There have been calls for a rethink on the LCF cap. Certainly when and if the Hinkley nuclear plant project goes ahead, with its guaranteed £92.5/MWh CfD strike price, the overall cap will have to be raised. As the Daily Telegraph noted: ‘The budget post-2020 is yet to be set but at a minimum will have to expand to accommodate new nuclear plants, the first of which could start generating power – and therefore using up susbidies – from around 2024.’ www.telegraph.co.uk/finance/newsbysector/energy/10989789/Offshore-wind-farms-in-doubt-as-subsidy-pot-can-fund-just-one-project.html
The Hinkley project CfD allocation was not subject to a price cap or to the competitive contract auction process that now faces new renewable projects – Edf was the only player and also won a promise of a £10bn loan guarantee. It’s not clear what will happen with regard to next lot of major nuclear projects that the governments want us to support- 16GW initially, maybe more later. If a competitive CfD framework does emerge across the board, we can expect further head to head collisions as rival options seek funding. However with wind and PV solar likely to be cheaper than Hinkley by the time it starts up, any similar new nuclear projects will face stiff competition.
Meanwhile, what should the priorities be? Well, keeping consumer costs down is obviously important, but we are only talking small amounts -the RO has only added around 2% to bills, the FiT 1%, while the competitive CfD is expected to drive prices down, although DECC’s most recent impact assessment carefully noted that its estimates didn’t yet cover nuclear costs. We shall see! But if it was left to the public, the most recent poll indicated that 79% backed renewables (67% liked on land wind, 72% offshore wind, and 82% solar) and only 36% backed nuclear: https://www.gov.uk/government/statistics/public-attitudes-tracking-survey-wave-10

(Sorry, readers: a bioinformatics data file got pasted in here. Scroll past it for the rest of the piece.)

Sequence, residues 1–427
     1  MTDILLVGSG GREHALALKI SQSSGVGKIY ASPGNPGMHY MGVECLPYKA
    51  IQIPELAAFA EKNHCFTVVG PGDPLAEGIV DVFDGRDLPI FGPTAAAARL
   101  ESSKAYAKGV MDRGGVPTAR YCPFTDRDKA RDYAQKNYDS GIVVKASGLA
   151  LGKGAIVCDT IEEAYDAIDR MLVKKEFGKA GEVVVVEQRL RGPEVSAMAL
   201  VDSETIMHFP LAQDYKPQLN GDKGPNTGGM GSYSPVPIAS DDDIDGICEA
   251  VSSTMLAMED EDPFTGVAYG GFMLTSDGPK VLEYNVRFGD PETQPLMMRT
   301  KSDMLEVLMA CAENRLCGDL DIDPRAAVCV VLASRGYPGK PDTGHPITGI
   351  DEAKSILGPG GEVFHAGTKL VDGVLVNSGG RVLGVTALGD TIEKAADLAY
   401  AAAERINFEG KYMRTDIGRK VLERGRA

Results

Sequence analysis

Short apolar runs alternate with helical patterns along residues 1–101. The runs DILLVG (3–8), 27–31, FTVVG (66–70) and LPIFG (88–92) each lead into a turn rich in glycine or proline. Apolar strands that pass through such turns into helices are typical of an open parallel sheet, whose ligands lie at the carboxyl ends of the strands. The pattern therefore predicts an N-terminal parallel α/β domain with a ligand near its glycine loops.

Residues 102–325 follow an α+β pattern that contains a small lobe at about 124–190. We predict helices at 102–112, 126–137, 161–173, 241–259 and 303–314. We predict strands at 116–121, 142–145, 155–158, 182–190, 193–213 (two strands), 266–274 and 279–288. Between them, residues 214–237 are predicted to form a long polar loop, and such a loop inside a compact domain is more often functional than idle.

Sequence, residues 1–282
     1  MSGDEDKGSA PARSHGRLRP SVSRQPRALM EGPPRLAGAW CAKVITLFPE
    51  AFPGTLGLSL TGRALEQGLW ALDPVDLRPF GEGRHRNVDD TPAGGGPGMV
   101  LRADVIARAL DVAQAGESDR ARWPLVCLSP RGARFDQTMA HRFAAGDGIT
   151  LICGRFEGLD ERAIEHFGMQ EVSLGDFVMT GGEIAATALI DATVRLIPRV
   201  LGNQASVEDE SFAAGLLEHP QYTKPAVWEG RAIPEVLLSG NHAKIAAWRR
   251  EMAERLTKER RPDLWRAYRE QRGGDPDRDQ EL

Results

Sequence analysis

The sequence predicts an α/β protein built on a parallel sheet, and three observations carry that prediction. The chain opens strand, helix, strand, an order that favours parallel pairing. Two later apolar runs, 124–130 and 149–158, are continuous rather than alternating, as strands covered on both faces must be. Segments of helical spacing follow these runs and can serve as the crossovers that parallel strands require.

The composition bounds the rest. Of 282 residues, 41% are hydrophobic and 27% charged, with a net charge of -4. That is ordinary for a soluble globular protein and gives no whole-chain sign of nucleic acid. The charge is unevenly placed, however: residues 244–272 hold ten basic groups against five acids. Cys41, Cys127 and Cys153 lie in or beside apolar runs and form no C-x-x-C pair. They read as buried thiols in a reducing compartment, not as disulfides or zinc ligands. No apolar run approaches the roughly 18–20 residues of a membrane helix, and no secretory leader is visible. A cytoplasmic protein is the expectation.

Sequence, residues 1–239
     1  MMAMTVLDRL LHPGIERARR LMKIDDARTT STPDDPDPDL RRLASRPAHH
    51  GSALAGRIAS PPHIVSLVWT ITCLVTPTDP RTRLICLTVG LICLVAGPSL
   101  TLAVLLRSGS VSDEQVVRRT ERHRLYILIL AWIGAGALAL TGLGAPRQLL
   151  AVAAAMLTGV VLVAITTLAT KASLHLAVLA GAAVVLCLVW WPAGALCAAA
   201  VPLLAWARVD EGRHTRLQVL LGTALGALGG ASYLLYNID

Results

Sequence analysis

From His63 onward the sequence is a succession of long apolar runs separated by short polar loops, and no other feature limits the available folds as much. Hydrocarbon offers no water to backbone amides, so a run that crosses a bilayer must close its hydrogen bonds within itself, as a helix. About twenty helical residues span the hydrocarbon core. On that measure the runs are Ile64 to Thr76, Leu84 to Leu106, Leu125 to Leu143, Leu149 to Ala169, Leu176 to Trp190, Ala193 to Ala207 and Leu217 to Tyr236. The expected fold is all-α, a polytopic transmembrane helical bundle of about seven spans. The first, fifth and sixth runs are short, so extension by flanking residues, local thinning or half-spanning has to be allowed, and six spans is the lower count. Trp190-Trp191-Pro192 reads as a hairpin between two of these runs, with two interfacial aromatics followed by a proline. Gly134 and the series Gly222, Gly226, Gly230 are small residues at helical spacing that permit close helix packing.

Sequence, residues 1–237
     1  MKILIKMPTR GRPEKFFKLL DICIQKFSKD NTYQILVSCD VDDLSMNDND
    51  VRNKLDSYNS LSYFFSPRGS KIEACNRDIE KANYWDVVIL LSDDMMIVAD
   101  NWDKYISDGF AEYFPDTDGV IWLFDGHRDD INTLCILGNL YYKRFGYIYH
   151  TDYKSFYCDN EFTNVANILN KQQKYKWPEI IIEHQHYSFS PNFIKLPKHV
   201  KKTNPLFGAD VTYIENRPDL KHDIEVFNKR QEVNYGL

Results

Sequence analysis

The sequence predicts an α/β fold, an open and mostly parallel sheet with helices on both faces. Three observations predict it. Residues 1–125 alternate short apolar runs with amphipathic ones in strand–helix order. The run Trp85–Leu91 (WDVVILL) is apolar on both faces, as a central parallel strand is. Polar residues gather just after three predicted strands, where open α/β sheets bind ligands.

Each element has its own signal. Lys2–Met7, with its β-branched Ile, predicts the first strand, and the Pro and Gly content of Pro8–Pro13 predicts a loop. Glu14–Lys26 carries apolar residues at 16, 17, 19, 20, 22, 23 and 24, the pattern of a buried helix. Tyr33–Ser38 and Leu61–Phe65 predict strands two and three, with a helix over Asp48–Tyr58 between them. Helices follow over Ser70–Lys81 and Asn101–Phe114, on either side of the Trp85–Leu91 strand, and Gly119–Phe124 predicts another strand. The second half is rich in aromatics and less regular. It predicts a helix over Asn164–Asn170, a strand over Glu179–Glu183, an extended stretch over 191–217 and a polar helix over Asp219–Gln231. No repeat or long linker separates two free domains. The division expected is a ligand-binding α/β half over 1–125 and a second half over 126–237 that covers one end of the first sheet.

By Dave Elliott
Things are changing in Germany. With renewables booming, German energy giant RWE has suffered a massive loss of €2.8 billion, its first loss in 60 years. It has admitted it got its strategy wrong, and should have focused more on renewable and distributed energy rather than conventional fossil fuels: ‘We were late entering into the renewables market – possibly too late.’ A previous RWE CEO had gone on record with the immortal line: ‘Photovoltaics in Germany make about as much sense as growing pineapples in Alaska’. www.reuters.com/article/2012/01/18/germany-energy-idUSL6E8CI12Y20120118
Now Germany has 36.5GW of PV, supplying around 5% of its electricity and at peak times much more! And about 8% from its 33GW of wind. (more…)
By Dave Elliott
Renewables have continued to grow in Germany, providing around 23% of total electrical generation from around 32GW of wind and 32GW of PV solar, most of this being locally owned capacity, including projects run by a growing number of local energy co-ops. And it works well: in bitterly cold March last year, the wind and PV were supplying about half of total electricity at one point:http://reneweconomy.com.au/2013/graph-of-the-day-wind-solar-provide-half-germanys-energy-output-88052.